I attempted to calculate how thin this layer might typically be. By taking the plausible example of a solid copper sphere charged to 20kV, I got a figure for the "virtual" thickness of the charge-carrying shell at around 2.30 × 10$$^{-16}$$ m. I'd happily bet that my answer is likely to be wrong, but it certainly is "thin" indeed; in fact, it is a good deal thinner than the diameter of an atomic nucleus. This suggests that, unless I were to massively increase the charge on the sphere (or apply the same charge to a much smaller sphere) I would only have ionised a tiny fraction of a single one-atom-deep layer. (In trying to roughly estimate this fraction I arrived at a figure of between 1 and 10 +1-ionised atoms per million neutrally charged ones. It seems like an impossibly small figure.)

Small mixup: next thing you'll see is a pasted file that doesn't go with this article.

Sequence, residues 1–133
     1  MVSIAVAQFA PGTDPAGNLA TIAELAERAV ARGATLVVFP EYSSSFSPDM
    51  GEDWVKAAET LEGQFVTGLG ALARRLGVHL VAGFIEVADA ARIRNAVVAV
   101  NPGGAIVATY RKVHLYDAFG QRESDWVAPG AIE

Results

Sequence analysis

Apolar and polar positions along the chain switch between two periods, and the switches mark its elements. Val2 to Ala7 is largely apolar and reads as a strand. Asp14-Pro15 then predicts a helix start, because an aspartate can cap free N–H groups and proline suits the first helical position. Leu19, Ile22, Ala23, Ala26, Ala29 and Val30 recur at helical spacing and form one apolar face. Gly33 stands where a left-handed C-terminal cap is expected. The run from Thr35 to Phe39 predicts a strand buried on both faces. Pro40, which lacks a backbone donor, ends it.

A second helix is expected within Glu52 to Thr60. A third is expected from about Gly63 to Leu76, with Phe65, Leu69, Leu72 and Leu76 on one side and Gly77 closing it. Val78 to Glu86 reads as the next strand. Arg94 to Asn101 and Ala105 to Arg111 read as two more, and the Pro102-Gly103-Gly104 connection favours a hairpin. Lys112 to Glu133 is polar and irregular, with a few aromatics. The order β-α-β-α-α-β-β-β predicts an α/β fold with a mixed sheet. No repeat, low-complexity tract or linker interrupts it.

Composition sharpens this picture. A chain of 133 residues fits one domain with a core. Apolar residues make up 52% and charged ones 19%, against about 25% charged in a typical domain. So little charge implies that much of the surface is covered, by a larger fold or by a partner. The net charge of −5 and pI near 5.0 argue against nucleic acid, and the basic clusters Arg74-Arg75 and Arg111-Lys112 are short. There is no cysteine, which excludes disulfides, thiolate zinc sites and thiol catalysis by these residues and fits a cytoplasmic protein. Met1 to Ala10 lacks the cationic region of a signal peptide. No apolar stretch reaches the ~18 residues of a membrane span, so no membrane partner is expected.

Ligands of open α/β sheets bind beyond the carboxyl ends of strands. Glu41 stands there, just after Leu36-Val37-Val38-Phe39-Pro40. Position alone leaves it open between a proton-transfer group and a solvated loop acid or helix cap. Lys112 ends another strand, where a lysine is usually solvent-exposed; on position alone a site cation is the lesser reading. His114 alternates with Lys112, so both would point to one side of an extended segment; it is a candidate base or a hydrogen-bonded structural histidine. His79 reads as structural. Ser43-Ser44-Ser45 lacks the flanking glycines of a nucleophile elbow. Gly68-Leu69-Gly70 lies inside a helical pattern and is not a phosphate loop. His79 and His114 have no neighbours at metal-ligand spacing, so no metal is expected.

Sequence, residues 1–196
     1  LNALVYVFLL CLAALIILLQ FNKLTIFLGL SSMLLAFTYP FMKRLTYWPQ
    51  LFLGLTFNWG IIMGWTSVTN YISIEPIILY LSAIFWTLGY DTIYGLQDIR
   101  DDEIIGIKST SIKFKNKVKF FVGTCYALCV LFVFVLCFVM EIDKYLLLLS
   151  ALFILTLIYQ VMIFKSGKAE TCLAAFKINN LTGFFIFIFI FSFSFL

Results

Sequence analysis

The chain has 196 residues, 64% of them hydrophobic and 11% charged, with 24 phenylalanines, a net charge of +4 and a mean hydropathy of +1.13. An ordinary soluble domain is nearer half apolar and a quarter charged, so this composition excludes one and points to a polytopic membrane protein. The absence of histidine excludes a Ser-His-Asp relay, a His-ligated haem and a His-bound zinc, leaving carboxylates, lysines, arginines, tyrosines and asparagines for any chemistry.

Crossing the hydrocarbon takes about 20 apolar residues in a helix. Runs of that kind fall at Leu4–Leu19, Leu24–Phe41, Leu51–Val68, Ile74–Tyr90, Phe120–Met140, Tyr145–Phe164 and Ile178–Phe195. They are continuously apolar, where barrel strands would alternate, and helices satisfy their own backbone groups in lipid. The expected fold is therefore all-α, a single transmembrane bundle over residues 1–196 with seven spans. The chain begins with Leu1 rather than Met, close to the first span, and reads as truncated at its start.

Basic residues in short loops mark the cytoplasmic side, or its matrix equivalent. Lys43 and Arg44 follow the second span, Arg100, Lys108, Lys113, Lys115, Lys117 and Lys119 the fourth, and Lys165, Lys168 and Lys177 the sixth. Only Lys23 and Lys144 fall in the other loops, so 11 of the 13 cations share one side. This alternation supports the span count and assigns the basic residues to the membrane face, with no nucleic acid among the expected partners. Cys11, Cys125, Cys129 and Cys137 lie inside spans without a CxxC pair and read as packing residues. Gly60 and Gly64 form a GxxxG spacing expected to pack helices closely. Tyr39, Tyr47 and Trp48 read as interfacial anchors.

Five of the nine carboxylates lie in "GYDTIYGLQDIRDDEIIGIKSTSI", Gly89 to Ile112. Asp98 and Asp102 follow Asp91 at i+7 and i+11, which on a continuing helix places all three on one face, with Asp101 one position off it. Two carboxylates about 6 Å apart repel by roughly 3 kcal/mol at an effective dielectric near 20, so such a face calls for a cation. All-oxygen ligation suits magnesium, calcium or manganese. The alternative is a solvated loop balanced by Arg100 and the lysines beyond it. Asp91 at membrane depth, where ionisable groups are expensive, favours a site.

But again, exact figures aren't important. Domenicaccio and James R are both correct; thank you for your answers!

8. ### James R

562
m.e.t.a:

One more thing: Most of the time in the real world, when we talk about a "positively charged metal sphere" or something like that, we mean a sphere which has had some electrons removed, so that the number of protons remaining is greater than the number of electrons, thus giving the sphere a net positive charge. We can still refer to this situation as a "positively-charged metal sphere, with all the positive charge at the surface". This is essentially a shorthand way of saying that the "missing" electrons are all missing from the surface layers of the metal.